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An exchange rate is the rate at which one currency can be exchanged for another between nations or economic zones. It is used to establish the value of different currencies in relation to each other. For economies like Zimbabwe that actively participate in international trade, the exchange rate is an important economic variable. Countries with stable and growing economies will normally have higher exchange rates whereas countries with unstable or declining economies will have lower exchange rates. A customs exchange rate is used in filing the bill of entry for imported goods.

Exchange rates are influenced by factors such as amongst others:

  • Interest rates
  • Speculation
  • Chang of competiveness
  • Inflation

Some time ago in Zimbabwe, customs exchange rate reviews were updated on a monthly basis, nevertheless due to unstable exchange rates the updates were now being effected on a weekly basis. However, during the period early June 2023 Zimbabwe experienced exchange rates fluctuations and this resultantly affected the customs exchange rates.

Imported goods to be warehoused in inland bonded warehouses pending final clearance and those transiting through Zimbabwe are covered by local bond guarantees with penal sums to cover the duty at stake. These bond guarantees were adversely affected by the erosion of the Zimbabwean dollar resulting in their being insufficient and negatively impacting on trade facilitation as movement of cargo was delayed especially transit cargo.

When the operating environment is stable, the need for review of penal sums is triggered by the increase in values of transactions to be covered by the bond. Conversely, with the runaway inflation experienced recently, customs exchange rates were affected and bond guarantee amounts were being eroded on a daily basis. Business could no longer move cargo in bond due to the erosion of the local currency as the guarantee were now insufficient to cover duty at stake.  Business had to go back to their insurers or bankers to apply for additional bond, but unfortunately this process could not keep up with the movements in exchange rate.  The erosion of penal sums due to exchange rate instability became a non-tariff barrier to trade as trucks were being delayed at the country’s different entry points.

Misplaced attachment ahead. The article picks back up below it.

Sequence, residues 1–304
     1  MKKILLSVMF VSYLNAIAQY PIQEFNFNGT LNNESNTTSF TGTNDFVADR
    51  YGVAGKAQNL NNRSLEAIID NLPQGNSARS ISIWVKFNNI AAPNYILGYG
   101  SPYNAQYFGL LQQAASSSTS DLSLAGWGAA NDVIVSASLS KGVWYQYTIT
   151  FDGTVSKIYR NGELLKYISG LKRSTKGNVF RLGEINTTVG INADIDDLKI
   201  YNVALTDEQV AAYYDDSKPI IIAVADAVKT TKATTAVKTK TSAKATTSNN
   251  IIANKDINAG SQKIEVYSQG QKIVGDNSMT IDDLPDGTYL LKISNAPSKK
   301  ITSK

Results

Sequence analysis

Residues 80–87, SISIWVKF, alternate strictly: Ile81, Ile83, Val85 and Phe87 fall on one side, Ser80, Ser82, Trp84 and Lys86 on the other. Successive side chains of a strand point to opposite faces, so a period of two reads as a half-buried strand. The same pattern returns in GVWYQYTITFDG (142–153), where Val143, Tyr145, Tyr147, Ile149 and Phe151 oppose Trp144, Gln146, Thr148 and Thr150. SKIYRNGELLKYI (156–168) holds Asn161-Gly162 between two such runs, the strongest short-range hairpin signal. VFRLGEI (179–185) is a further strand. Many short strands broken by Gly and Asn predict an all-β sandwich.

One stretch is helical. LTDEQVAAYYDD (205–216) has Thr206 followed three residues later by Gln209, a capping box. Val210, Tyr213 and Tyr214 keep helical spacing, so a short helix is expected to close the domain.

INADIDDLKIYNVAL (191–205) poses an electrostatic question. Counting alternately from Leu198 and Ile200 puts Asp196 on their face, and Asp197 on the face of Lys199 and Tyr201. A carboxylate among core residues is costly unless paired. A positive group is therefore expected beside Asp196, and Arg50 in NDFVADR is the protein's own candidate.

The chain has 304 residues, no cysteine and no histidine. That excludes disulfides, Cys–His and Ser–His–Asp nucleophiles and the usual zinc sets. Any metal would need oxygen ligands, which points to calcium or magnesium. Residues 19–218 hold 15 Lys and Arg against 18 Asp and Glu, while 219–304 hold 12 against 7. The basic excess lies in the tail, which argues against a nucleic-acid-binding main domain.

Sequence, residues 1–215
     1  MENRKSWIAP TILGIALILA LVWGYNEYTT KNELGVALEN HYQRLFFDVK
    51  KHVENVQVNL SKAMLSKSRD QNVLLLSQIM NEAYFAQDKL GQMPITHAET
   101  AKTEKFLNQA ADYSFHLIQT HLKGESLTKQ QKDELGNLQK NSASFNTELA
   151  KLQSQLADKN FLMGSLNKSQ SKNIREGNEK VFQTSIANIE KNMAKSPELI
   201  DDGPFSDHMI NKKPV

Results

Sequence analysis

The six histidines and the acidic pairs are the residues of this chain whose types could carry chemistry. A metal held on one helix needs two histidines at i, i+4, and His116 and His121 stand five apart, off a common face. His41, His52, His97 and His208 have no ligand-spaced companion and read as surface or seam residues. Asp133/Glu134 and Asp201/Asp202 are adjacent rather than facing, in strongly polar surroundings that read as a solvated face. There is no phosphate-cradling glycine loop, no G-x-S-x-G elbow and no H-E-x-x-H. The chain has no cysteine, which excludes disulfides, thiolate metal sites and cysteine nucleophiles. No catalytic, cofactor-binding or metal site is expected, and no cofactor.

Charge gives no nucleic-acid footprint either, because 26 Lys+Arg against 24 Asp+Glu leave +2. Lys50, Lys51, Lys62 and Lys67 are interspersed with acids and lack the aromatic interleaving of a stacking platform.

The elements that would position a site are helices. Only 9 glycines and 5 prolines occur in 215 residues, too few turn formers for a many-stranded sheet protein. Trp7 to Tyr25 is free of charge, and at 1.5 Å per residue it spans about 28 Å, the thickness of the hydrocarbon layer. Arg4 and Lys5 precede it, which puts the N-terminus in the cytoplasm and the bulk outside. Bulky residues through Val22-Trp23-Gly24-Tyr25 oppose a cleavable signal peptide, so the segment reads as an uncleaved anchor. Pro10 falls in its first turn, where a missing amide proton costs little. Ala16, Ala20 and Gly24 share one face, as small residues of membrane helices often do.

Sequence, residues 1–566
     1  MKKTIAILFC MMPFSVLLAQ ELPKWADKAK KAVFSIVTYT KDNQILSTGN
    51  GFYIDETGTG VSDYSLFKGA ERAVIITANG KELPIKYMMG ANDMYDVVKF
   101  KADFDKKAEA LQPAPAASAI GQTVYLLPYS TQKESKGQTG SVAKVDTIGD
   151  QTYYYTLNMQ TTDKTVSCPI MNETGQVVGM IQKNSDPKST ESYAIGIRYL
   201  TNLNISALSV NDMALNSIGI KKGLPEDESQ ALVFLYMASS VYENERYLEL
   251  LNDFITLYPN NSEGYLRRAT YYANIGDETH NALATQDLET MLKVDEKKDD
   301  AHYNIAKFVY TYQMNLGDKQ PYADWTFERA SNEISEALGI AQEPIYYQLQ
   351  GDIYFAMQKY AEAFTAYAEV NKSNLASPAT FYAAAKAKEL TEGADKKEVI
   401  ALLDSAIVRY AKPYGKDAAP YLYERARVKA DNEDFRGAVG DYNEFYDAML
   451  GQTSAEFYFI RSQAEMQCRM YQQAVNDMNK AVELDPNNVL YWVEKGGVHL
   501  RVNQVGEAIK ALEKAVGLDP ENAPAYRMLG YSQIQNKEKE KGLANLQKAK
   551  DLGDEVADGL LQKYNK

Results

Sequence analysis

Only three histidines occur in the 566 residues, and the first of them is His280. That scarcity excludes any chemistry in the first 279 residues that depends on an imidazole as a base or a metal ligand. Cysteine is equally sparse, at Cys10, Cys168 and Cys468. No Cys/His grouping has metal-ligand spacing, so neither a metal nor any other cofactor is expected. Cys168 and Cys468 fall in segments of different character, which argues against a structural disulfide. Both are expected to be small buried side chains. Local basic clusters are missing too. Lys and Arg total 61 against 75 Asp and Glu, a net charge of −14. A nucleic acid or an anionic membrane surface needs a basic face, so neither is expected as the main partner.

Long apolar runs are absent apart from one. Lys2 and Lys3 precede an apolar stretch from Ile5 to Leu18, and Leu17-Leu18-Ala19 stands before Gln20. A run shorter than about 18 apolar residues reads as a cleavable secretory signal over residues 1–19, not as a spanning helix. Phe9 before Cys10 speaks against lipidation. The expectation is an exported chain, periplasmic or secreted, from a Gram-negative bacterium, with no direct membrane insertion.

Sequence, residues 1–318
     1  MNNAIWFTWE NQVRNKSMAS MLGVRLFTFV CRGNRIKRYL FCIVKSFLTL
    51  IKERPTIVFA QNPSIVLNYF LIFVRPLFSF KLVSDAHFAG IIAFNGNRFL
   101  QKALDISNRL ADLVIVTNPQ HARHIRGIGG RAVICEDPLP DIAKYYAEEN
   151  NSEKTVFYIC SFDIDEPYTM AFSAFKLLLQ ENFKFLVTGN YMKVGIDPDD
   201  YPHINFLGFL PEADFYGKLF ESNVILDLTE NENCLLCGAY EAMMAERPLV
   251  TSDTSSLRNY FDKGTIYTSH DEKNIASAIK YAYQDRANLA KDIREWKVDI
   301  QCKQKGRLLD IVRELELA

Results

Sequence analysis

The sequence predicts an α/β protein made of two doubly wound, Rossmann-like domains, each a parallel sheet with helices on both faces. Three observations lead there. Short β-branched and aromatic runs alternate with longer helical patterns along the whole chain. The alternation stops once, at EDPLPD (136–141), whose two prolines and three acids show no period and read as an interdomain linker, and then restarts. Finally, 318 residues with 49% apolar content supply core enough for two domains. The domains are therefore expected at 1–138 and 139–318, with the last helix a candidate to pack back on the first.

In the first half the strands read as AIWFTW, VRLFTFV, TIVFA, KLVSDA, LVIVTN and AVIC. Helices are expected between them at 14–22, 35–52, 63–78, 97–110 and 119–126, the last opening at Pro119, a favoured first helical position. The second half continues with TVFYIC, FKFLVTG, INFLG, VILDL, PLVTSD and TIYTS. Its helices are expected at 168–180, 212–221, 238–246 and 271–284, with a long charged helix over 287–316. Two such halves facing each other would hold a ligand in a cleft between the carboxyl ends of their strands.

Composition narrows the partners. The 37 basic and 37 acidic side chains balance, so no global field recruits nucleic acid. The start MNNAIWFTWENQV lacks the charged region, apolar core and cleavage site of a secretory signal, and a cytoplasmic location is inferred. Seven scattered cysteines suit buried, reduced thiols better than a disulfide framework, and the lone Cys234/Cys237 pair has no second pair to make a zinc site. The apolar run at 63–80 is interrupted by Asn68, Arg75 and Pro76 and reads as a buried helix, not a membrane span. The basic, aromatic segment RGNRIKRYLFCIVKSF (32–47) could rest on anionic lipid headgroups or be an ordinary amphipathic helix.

1. Although currently the exchange rate seems to have stabilised, it is recommended, in the spirit of trade facilitation, to be proactive and make it optional for those importers and agents wishing to have their bonds in United States Dollars do so. This will resolve the challenge of exchange rates fluctuations if these were to recur in the future. This will also work to the advantage of the government as the exposure on removals in bond cargo will be minimised through use of USD bonds.
  2. In the past when the same exchange rate instability challenge was experienced, the Zimbabwe Revenue Authority took the initiative to uplift the agents’ bond to compensate for the erosion. This however could have come with its on pitfalls. It is now for the Revenue Agency to engage its stakeholders to come up with solutions that are mutually beneficial.

To date, so much strides have been made by the government to improve the ease of doing business index as well as implement trade facilitation initiatives. All the gains to date cannot be eroded by the exchange rate instability.  With transit cargo, there are now alternative routes in the region and as a country if we do not put in place measures to make our routes attractive, Zimbabwe routes will be side-lined and business will be lost to others.

About the author

Edina Moyo- Mudzingwa is a seasoned international trade, customs and border management professional with over 30 years professional experience, including 22 years in supervisory and management roles.  She is also a researcher with a keen interest in Trade Facilitation and Women in Trade. She holds a Master’s in Business Administration (Customs Management). She writes in her personal capacity and can be contacted at edina@pcbz.co.zw.